I could feel their eyes burning
a hole in me. I turned round and there they were. Six glaring
eyes, set in bulging faces framed by Peruvian hats, knitted
bobbles swaying in the wind. A silent family tableaux sitting
in a blue bulbous tent. Staring out of the door. At me.
They sat on three legged stools. And stared. They stared
at Matthew and Cameron as they bed danced. They stared as
I locked the bikes. They stared at Stuart as he went for
a shower. We were out stared and went to the pub to get
out of their gaze.
Cameron was awake early crying for
milk. Shivering, I hauled myself out of bed. Jump, jump,
jump, I crossed the lino floor dressed only in my sleeping
bag, like a naturist in the school sack race, shoulders
bare, clutching the sleeping bag to my chest. I quietly
slid open the door to retrieve the milk for Cameron's bottle
and there they were. In their tent. In their Peruvian hats.
Still staring. Still on their three little stools. Wide
awake, wide eyed and watching my every move. Pulling my
sleeping bag to me with one hand, eyes down to avoid theirs,
I grabbed the milk, and jump, jumped back into the cabin.
Then I twitched the net curtains to get a better look at
them, and caught their attention once again. Even through
the net the older woman's gaze bore through my skin. She
was bulky and squat, the loose skin around her face and
jaws gathered in by the flaps on her colourful knitted hat.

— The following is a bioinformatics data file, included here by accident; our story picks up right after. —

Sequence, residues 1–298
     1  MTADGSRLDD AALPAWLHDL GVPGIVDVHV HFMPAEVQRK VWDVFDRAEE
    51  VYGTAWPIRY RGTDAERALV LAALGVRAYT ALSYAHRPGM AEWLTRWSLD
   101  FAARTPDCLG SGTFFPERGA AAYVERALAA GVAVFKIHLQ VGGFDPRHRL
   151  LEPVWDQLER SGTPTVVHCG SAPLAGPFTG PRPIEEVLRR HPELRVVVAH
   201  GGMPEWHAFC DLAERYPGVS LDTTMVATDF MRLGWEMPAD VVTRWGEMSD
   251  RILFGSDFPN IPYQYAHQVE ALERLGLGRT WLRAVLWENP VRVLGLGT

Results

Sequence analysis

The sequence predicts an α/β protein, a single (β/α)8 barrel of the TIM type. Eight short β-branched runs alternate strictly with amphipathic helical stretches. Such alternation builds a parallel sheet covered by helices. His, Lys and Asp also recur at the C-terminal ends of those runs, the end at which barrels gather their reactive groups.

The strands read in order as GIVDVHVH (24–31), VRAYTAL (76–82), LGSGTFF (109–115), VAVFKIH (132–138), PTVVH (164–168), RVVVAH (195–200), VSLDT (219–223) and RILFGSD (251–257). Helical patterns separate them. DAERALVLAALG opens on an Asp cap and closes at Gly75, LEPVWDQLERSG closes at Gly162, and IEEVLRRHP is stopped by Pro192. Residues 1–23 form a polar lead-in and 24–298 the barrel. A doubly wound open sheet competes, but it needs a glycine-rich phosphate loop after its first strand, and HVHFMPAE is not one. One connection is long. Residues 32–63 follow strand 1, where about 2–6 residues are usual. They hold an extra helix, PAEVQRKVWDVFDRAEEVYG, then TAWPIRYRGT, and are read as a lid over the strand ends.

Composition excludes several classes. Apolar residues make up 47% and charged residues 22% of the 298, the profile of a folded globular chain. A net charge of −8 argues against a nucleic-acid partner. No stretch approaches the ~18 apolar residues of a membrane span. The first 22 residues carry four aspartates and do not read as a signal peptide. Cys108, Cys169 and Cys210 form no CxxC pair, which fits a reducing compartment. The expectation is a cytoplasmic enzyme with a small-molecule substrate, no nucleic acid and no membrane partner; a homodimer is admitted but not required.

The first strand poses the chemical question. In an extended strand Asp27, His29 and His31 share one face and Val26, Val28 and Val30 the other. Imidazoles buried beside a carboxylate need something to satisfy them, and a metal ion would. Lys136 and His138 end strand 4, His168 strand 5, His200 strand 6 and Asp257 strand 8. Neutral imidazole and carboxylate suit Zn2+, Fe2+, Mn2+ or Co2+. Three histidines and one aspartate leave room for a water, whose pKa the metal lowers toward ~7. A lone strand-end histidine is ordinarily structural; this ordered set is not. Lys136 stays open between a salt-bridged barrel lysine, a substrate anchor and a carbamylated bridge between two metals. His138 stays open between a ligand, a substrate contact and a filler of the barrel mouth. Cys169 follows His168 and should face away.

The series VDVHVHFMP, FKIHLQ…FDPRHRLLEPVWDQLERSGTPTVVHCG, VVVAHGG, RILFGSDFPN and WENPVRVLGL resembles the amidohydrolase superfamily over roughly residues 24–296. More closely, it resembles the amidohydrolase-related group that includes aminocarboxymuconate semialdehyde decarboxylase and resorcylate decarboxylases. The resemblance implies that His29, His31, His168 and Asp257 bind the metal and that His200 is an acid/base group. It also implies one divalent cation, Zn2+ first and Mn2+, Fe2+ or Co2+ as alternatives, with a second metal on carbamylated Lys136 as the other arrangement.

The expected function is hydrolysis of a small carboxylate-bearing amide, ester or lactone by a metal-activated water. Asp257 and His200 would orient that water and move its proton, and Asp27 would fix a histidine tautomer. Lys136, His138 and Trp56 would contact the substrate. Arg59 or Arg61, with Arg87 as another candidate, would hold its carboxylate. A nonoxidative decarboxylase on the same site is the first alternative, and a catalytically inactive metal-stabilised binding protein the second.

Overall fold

Long blond straggly hair hung on her shoulders. Next to
her, balancing his lower half on his ridiculously small
stool, sat a round faced man with a belly to match; and
next to him a grinning woman in her forties with the hair
around her hat viciously cropped as though with gardening
shears. Two hours later while we packed up, they were still
staring, and as we left they recorded our departure on video.
"What are they staring at? Haven't
they got anything else to do with their sad little lives?
Nosey buggers. Look at those stupid Peruvian hats." I muttered
irritably as we cycled away. When travelling, there are
some people it's a pleasure to see again while others are
worth cycling long distances to avoid. We hoped to put a
few miles between us and the Starers.
We drew up at Lake Tekapo two days
later and stopped for supplies. A familiar car was in the
supermarket car park with three bulging faces staring out
through the windscreen.
"I don't believe it. It's them. Quick, look the other way."
"What way? Who is it?" Stuart asked, swerving to avoid me
and hitting the kerb. Crunch.
Three Peruvian hatted heads moved forward to get a better
"Who the hell have I just crashed to avoid?" Stuart asked
"The Starers." I gestured towards the car.
"Oh bum. Lets go."
We checked in at the campsite and were assigned our pitch,
with a great view of the Lake and immediately opposite a
bulbous blue tent with three stools outside.
There is little privacy on a campsite
at the best of times. As cyclists, we are unable to retreat
to a car if things all go pear shaped, and after a long
days riding it's not unusual for one of us to have a tiredness
induced temper tantrum. I have always found my children's
public tantrums pretty embarrassing and do anything to avoid
one but this one was unavoidable. Matthew had a splinter
lodged in a finger and was screaming at the top of his voice,
"It hurts, it really hurts, get it out Mum." All attempts
to grab his hand and examine the problem were met with roars
of pain. As Matthew refused to move into the tent, Stuart
went to get the first aid kit, while I tried to calm my
son down knowing we were in for trouble. While Cameron takes